January 8, 2019
This spring, the Monteverdi Choir, English Baroque Soloists, and John Eliot Gardiner embark on a European tour with a new production of Handel’s Semele (April 8–May 8). Directed by Thomas Guthrie, this takes them to four iconic European concert halls – the Paris Philharmonie, Barcelona’s Palau de la Música, Milan’s La Scala, and Rome’s Sala Santa Cecilia – as well as to London’s oldest new theater: the Alexandra Palace Theatre, a faithfully restored marvel of Victorian engineering that has just been reopened for the first time in 80 years.
Gardiner, the winner of more Gramophone Awards than any other living artist, considers Semele “Handel’s sexiest opera.” Indeed, in Handel’s lifetime the opera was suppressed after only a few performances, thanks in part to the sensuality of such hedonistic arias as “Endless pleasure, endless love,” and a risqué storyline drawn from one of the more salacious passages of Ovid’s Metamorphoses, on which Restoration playwright William Congreve based his libretto. This depicts Jupiter, king of the gods, and Semele, the mortal princess he takes as his mistress. Their affair enrages Jupiter’s wife, Juno, so by way of revenge, she tricks Semele into seeing the god in his divine form. As the goddess intends, Semele burns to death in the flames from Jupiter’s thunderbolts. Yet there is a happy ending of sorts, when from her ashes arises their unborn child, who will grow up to be Bacchus, god of ecstasy and wine. Gardiner explains:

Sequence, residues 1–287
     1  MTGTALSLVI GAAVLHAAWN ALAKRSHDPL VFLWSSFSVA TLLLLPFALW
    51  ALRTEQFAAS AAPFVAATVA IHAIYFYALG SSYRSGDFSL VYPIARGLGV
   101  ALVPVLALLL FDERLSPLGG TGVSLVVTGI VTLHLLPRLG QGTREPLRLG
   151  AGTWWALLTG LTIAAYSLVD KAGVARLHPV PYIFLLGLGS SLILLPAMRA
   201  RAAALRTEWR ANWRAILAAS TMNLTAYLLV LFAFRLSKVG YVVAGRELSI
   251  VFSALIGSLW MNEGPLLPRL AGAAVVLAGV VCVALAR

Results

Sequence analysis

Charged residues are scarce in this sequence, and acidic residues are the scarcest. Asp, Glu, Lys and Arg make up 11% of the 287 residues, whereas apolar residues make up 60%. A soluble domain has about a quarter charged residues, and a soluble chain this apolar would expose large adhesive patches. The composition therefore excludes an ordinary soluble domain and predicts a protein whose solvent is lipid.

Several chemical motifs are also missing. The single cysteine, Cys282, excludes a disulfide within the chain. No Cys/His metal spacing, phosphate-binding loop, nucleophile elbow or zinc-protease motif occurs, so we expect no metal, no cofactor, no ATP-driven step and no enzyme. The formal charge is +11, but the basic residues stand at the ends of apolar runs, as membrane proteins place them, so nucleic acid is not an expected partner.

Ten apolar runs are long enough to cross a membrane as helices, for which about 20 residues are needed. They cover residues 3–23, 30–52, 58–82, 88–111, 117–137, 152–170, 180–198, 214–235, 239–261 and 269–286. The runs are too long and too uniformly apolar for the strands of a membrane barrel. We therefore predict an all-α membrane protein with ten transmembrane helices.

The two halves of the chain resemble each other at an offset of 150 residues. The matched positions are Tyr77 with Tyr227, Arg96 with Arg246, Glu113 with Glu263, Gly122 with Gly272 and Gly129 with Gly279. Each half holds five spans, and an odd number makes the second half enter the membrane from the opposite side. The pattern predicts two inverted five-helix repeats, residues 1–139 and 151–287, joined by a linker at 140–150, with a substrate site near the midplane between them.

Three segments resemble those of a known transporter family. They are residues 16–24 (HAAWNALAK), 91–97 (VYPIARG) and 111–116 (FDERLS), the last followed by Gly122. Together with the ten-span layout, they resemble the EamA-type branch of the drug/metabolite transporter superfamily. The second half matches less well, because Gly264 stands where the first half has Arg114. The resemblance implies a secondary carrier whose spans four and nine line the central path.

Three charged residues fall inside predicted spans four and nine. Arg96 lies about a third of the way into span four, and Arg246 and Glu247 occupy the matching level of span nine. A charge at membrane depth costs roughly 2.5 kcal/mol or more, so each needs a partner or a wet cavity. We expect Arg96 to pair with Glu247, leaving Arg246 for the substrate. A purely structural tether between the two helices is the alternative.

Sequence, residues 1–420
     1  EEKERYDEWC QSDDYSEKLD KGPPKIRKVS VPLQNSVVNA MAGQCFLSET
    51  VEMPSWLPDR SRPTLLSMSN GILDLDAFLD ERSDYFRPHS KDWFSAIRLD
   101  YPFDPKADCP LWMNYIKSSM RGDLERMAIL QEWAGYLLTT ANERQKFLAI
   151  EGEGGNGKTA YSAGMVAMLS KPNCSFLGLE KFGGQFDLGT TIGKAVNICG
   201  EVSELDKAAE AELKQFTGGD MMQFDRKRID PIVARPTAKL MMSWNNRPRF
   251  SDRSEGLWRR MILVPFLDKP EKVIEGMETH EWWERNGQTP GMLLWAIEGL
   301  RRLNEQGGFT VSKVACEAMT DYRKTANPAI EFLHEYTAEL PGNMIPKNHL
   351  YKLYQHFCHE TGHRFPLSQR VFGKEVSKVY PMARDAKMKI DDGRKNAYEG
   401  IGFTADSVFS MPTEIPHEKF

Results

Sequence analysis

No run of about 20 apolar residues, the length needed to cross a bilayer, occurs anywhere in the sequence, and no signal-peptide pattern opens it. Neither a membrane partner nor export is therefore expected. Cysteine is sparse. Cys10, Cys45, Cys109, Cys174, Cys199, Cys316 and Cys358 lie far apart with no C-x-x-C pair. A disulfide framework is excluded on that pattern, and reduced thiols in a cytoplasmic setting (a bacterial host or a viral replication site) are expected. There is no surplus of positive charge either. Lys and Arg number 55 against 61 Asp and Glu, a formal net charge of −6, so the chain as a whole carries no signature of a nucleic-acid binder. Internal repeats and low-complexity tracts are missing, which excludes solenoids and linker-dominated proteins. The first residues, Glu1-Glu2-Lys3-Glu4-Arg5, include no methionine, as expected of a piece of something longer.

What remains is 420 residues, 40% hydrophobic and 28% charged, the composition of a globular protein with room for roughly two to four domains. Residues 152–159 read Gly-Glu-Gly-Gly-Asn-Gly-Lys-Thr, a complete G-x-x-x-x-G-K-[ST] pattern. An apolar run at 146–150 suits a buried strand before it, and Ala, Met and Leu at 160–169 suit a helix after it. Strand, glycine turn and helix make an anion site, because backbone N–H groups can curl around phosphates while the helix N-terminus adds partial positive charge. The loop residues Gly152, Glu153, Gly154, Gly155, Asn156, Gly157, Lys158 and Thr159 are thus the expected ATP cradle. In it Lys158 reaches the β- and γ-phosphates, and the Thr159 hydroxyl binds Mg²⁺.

“Semele is the most erotically charged of all Handel’s music dramas and the nearest he came to writing a true opera in English. His imagination was fired up by William Congreve’s libretto, which describes Jupiter’s descent in the shape of an eagle and his abduction of Semele. The music is stunning – rich in melody, sensuous harmony, and a wonderful mixture of comedy, romance and tragedy. Perhaps the most modern feature of Semele is the sharpness with which Handel draws his female characters – from the cunning and jealousy of Juno to the raw ambition, coquetry and sexuality of Semele.”
The tour marks the first time Gardiner and his ensembles will have undertaken the opera since recording it for Erato in 1983; almost three decades later, in 2012, BBC Music magazine still named theirs “the best-conducted Semele on disc.” Moreover, the upcoming production features some material that they have never previously performed at all. They are now using a fuller version of Handel’s work, including a number of passages very rarely heard in modern performance.